For more than 40 years, Lake Superior State University in Michigan has published an annual list of banished words. This year, the university is banning a few words with political spin.
Samples from the list include the words “nothingburger” and “covfefe,” along with the phrases “fake news” and “gig economy.”
In case you’re not familiar with the now-banished terms, here are a few definitions from Lake Superior State.
Nothingburger: Says nothing that “nothing” doesn’t already. I’ll take a quarter pound of something in mine.
Covfefe: An impulsive typo, born into a 140-character universe, somehow missed by the autocorrect feature.
Fake News: Once upon a time stories could be empirically disproved. Now "fake news" is any story you disagree with.
Gig Economy: Gigs are for musicians and stand-up comedians. Now expanded to imply a sense of freedom and a lifestyle that rejects tradition in a changing economic culture. Runs a risk of sharecropping.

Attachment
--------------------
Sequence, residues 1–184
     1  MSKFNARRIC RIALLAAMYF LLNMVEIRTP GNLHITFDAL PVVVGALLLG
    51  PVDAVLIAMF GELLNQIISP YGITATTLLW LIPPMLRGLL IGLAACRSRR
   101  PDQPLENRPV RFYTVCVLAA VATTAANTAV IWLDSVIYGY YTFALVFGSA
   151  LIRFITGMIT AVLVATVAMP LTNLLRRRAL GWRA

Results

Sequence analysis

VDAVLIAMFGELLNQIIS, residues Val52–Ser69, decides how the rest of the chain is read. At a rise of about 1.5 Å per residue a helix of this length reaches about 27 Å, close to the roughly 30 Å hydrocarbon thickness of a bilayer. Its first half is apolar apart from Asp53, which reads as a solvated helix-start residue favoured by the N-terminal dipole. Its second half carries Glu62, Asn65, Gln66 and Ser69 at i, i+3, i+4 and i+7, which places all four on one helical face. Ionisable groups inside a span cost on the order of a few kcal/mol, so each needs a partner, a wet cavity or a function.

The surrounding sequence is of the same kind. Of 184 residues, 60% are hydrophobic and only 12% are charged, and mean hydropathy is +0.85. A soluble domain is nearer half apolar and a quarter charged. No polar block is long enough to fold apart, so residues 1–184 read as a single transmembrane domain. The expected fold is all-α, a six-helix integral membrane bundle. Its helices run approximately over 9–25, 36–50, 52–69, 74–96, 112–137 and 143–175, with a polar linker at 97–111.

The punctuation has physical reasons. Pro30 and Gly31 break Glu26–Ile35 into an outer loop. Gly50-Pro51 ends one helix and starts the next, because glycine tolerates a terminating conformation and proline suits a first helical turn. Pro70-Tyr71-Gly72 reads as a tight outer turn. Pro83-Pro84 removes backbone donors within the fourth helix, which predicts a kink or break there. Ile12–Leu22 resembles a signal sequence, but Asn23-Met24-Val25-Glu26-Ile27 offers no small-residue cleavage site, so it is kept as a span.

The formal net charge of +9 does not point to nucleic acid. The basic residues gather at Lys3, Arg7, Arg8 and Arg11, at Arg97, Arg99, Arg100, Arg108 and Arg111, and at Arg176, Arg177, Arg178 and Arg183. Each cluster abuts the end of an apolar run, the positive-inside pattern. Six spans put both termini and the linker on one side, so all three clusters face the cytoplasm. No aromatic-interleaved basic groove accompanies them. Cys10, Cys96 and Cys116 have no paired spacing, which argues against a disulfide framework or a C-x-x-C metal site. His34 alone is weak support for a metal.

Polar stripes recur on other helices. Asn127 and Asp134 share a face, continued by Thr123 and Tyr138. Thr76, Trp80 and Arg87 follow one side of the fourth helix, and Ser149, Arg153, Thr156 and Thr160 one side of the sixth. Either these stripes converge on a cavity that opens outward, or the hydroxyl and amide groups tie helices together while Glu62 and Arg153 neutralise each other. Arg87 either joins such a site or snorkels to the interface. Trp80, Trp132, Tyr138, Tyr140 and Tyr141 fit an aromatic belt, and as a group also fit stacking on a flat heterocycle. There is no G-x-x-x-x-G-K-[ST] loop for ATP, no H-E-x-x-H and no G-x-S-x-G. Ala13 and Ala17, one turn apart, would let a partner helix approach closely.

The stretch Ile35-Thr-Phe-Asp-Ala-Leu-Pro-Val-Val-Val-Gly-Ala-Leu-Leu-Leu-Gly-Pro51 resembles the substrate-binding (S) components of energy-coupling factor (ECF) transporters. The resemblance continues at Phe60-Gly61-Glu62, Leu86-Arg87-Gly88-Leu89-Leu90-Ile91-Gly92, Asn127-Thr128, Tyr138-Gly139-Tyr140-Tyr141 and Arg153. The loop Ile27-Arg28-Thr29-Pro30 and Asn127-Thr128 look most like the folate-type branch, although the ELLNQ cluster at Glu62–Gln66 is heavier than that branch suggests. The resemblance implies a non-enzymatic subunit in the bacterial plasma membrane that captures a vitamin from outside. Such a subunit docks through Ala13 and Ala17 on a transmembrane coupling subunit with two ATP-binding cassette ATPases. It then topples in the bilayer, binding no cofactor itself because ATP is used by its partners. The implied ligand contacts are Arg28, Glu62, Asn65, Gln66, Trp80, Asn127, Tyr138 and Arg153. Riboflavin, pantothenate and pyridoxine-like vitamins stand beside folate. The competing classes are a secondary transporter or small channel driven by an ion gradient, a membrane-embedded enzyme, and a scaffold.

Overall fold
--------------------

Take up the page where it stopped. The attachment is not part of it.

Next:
The list also goes after some older terms like “tons” and “hot water heater”:
Tons: Refers to an exaggerated quantity, as in tons of sunshine or tons of work. "Lots" would surely suffice.
Hot Water Heater: Hot water does not need to be heated. "Water heater" or "hot water maker" will keep us out of hot water.
Thankfully, this is not a new, politically-motivated attempt by college administrators to ban unpopular speech. Instead, it’s a silly tradition dating back to 1975 called the “List of Words Banished from the Queen’s English for Mis-use, Over-use and General Uselessness.”
Other words and phrases on the list include: unpack, drilled down, pre-owned, let that sink in, impactful, dish, let me ask you this, and onboarding/offboarding.
“We’ve drilled down and unpacked tons of pre-owned words and phrases deemed impactful by hundreds of nominators during 2017,” said a university spokesperson. “Let that sink in.”